Blackboard Co-Founders Says Online Education Set To Put Price Pressure On Traditional Schools

One of the early pioneers of online education, Blackboard co-founder Michael Chasen, was one of the speakers at Startup Festival in Montreal today, and while he’s focused on a new startup called SocialRadar that isn’t education-focused, but he still had lots to say about the future of the education industry. Massively open online courses (MOOCs) represent the biggest disruption in the education space since colleges and universities started getting online, he said, and that’s going to mean a lot of upheaval to come.

Chasen said that the changes he’s seeing now in the industry remind him of those that were going on at the time that he started Blackboard, when colleges were realizing for the first time that putting course materials and course management tools online made a lot of sense. Change was happening fast and haphazardly, and the results weren’t necessarily clear at the time. With MOOCs provided by startups like Udemy, Coursera and more, there’s a chance to flip everything on its head again.

According to Chasen, he’s heard often that education institutions are now struggling with demand, especially in fast-growing markets like China. Schools there literally can’t build enough buildings to put people in their colleges, he said, and are trying to figure out how to handle issues like students that are sometimes seven hours away from their nearest physical campus. Online education means you can scale immensely without worrying about growing the physical plant and those costs, and it also means students need only a phone to participate, lowering costs immensely.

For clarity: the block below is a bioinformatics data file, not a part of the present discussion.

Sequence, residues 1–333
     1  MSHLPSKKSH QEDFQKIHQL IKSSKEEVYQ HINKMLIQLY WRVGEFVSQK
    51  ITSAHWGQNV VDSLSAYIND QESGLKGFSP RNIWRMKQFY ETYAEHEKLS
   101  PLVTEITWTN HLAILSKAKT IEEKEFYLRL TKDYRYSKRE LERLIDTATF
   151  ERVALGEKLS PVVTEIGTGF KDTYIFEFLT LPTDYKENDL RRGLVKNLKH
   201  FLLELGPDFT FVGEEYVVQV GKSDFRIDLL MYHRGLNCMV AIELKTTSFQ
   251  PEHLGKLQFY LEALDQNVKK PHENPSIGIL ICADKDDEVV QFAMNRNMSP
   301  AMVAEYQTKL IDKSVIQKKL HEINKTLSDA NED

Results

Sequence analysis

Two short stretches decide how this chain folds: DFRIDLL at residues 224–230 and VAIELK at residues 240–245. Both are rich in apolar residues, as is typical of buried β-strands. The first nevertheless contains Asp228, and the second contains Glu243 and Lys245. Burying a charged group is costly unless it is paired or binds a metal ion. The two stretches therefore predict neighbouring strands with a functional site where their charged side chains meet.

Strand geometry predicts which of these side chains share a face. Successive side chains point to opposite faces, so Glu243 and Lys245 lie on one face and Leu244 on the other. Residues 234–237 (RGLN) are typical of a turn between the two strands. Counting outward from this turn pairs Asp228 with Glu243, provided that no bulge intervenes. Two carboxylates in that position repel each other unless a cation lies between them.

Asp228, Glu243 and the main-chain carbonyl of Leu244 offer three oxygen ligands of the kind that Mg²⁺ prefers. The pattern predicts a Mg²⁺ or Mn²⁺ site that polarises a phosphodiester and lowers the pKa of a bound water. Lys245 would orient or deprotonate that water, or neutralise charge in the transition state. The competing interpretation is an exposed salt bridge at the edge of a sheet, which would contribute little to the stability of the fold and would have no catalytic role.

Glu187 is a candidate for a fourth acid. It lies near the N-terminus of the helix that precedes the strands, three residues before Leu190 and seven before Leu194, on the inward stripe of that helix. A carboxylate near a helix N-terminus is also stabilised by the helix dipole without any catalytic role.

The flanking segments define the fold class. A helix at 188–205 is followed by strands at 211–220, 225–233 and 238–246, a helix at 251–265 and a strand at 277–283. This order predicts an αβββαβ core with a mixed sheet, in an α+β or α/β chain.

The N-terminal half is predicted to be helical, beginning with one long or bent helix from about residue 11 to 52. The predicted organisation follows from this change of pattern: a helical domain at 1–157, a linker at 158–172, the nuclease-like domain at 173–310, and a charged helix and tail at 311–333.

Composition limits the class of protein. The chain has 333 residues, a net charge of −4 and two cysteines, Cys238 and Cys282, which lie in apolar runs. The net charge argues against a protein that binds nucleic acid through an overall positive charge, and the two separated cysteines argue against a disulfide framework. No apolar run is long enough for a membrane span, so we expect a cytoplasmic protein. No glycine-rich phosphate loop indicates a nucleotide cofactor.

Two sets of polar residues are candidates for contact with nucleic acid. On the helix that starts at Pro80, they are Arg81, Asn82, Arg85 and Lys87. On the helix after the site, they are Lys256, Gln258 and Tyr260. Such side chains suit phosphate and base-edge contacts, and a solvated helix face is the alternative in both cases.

MOOCs might not take over for traditional colleges entirely as some are suggesting, he said, but they will have one very specific impact on existing schools: extreme downward price pressure. Adding much-needed competition into the education industry will cause everyone to be more cost-conscious, and that’s great for students. Who it won’t be good for are publishers, Chasen said. Most young profs and educators Chasen has spoken to are excited about the prospect of expanding their reach, despite the big changes it presents. It’s local small colleges and publishers who will really feel the pinch, he believes, and who will most strongly resist the change.

There will always be a special place for Ivy league schools and the top tier of educational institutions, Chasen said, but there’s going to be a lot of pressure on the lower level schools to adapt their approach to students who have opportunities for choice, especially once accreditation issues start getting worked out. It doesn’t mean we’ll all be getting degrees by email in five years’ time, but it does mean we’re only seeing the start of the changes that will result from the rising popularity of MOOCs.